"Super top-ups are useful in case of multiple hospitalisations," says Rakesh Jain, Executive Director and CEO, Reliance General Insurance. "The deductible is applied not only on the first claim, but to the extent of deductible in the super top-up policy as well. While selecting a super top-up scheme, the deductible should be equal to your base health insurance plan. The super top-up kicks in once your base sum insured is exhausted. A top-up plan covers additional expenses, but is beneficial in case of single hospitalisation only."

For increased protection from the virus, you can buy a critical illness cover also. Most insurance companies classify chronic co-morbidities as critical illnesses. Says C.S. Sudheer, Founder and CEO,, "Critical illness cover provides insurance coverage for big health emergencies like cancer, heart diseases, organ transplants, etc., that require enormous financial support for the treatment procedure. This cover generally pays out a lump sum amount, even without hospital bills, thereby safeguarding one's family from the financial crunch arising out of a prolonged situation. However, so far, no insurance companies have included Covid-19 as a critical illness. So, taking a critical illness cover during a pandemic is a subjective matter."

Another cover that has gained prominence is term insurance. Term insurance is the 'go to' product that can help secure families' future. The idea behind paying for a term plan is to enable your loved ones manage necessary expenses and pay for liabilities in your absence.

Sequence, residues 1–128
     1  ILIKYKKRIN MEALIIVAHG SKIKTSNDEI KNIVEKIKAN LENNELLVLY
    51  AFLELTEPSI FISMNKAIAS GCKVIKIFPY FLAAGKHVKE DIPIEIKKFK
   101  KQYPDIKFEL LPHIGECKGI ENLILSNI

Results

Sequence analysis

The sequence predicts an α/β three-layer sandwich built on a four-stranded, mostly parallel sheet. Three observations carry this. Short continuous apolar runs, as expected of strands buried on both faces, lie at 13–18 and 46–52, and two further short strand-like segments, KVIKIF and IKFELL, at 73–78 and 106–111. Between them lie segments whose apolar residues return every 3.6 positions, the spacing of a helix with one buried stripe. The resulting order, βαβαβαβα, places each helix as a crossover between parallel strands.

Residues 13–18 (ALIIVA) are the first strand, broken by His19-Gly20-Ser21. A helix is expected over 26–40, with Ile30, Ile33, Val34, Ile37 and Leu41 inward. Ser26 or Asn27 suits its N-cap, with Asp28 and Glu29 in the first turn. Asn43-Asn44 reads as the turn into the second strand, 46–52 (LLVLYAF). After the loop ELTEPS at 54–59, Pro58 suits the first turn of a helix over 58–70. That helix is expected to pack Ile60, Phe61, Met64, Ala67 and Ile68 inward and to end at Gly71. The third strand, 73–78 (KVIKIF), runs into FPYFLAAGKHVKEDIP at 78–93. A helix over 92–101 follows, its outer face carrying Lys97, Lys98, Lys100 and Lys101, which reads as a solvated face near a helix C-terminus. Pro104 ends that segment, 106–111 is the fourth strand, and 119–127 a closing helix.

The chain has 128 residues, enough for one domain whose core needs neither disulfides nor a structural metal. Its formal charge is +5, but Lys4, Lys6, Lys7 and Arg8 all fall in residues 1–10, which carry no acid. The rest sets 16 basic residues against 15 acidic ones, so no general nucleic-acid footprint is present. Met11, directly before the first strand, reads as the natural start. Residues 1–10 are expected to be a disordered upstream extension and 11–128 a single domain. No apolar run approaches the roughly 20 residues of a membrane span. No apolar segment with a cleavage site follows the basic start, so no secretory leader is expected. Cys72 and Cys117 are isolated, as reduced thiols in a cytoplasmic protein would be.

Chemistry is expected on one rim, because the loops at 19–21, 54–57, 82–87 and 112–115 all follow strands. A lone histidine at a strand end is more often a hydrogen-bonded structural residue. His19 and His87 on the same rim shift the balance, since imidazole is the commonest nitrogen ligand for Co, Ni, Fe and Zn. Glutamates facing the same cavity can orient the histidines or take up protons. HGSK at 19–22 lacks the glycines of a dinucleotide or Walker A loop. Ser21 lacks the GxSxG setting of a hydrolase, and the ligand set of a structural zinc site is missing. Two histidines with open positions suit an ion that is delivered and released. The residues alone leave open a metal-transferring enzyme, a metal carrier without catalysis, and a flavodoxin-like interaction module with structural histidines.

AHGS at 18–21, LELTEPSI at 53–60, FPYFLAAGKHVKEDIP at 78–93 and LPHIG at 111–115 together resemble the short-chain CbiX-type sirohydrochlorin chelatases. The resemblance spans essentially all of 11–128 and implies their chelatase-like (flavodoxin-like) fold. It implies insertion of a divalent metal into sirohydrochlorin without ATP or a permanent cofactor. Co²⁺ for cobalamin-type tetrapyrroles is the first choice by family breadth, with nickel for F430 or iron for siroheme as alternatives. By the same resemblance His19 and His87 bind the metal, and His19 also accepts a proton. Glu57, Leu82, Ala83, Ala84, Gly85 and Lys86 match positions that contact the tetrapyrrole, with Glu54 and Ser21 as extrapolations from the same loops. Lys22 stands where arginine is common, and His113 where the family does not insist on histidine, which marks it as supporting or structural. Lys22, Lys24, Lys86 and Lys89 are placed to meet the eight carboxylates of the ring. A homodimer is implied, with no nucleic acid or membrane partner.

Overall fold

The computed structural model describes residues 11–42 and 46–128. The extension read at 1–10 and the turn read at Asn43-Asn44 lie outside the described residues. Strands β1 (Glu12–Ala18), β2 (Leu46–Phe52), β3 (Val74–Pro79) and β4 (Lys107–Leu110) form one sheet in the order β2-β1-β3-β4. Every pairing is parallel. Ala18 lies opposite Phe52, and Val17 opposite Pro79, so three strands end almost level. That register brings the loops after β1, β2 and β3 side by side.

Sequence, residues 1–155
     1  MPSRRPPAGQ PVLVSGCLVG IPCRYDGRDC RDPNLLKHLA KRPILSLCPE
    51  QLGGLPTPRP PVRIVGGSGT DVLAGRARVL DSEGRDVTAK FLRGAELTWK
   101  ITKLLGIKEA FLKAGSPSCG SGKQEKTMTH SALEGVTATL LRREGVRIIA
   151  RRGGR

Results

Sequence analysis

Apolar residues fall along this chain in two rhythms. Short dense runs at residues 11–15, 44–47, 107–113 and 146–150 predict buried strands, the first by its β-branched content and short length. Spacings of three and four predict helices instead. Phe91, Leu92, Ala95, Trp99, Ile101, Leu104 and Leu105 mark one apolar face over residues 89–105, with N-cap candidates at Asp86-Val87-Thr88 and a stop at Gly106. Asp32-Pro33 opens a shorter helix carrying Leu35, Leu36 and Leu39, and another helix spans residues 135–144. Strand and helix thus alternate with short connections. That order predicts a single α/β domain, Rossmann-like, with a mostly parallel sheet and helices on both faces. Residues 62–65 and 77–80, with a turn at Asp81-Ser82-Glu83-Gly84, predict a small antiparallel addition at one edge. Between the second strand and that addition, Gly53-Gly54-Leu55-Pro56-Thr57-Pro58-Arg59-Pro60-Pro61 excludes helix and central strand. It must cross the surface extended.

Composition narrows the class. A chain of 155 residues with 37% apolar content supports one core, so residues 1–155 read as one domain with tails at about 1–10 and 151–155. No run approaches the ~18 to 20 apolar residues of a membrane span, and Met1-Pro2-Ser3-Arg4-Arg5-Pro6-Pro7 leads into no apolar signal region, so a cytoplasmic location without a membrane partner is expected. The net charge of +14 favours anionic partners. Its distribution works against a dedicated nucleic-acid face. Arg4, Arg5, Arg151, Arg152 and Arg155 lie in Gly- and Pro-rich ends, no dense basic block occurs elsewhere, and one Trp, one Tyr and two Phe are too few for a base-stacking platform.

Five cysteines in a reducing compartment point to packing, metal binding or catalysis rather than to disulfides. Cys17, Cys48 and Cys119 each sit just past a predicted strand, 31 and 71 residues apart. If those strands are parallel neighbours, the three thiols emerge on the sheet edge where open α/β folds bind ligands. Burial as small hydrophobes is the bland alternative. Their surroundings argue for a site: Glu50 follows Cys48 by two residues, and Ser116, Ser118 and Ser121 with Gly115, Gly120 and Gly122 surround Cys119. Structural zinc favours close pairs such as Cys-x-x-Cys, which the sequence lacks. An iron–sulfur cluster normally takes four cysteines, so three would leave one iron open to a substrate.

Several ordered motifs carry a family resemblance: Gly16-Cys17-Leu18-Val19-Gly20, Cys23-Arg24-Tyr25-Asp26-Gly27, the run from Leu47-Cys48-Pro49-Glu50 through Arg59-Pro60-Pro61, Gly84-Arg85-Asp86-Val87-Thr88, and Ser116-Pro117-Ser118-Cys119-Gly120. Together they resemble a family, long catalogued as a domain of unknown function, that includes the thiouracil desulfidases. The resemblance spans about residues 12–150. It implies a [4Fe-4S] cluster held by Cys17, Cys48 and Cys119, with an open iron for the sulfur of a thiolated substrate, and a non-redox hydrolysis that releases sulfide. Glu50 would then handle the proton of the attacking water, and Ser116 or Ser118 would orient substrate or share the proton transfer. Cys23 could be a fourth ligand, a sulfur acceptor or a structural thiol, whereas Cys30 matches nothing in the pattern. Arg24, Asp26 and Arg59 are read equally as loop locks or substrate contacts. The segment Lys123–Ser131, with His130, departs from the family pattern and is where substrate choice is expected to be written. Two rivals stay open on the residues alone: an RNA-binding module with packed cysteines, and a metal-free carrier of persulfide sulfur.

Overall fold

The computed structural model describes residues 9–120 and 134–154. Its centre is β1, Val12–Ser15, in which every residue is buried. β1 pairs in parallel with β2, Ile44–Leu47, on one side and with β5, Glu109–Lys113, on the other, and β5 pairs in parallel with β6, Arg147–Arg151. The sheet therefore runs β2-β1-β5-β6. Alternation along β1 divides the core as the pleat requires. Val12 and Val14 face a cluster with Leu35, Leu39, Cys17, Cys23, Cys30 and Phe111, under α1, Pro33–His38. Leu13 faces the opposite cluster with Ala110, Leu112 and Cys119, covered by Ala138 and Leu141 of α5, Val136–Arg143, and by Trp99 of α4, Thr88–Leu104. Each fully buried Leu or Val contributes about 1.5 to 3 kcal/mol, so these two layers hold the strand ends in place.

But in all these, do keep one thing in mind. Do not visit a branch office. Choose from term policies sold on digital platforms. The term insurance amount must cover possible future expenses of your loved ones along with debts. The nominee must be explicitly mentioned for the insurer to hand over the proceeds in the absence of the policyholder.

Investing in MFs

Remember the famous adage "This too shall pass"? The current state of the market must not prompt you to exit investments. If you have invested in mutual funds through systematic investment plans (SIPs), check if their performance is still aligned to your long-term financial goals. Recurring investments in SIPs are deemed best to absorb market shocks and fetch returns in the long run. If you have the financial capability and necessary risk tolerance, a lump sum investment in MFs may allow you to tide over the market downturn by accumulating more units at deep discounts.